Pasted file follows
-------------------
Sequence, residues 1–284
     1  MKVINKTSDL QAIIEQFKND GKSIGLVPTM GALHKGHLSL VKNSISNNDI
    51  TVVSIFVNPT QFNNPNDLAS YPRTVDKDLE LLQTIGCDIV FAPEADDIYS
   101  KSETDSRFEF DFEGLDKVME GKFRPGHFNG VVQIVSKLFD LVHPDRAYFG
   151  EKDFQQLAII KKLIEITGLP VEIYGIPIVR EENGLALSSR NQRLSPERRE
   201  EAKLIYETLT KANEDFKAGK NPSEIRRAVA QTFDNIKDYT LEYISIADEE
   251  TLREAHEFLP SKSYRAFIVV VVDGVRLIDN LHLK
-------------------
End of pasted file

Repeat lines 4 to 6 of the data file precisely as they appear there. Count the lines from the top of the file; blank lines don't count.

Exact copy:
   101  KSETDSRFEF DFEGLDKVME GKFRPGHFNG VVQIVSKLFD LVHPDRAYFG
   151  EKDFQQLAII KKLIEITGLP VEIYGIPIVR EENGLALSSR NQRLSPERRE
   201  EAKLIYETLT KANEDFKAGK NPSEIRRAVA QTFDNIKDYT LEYISIADEE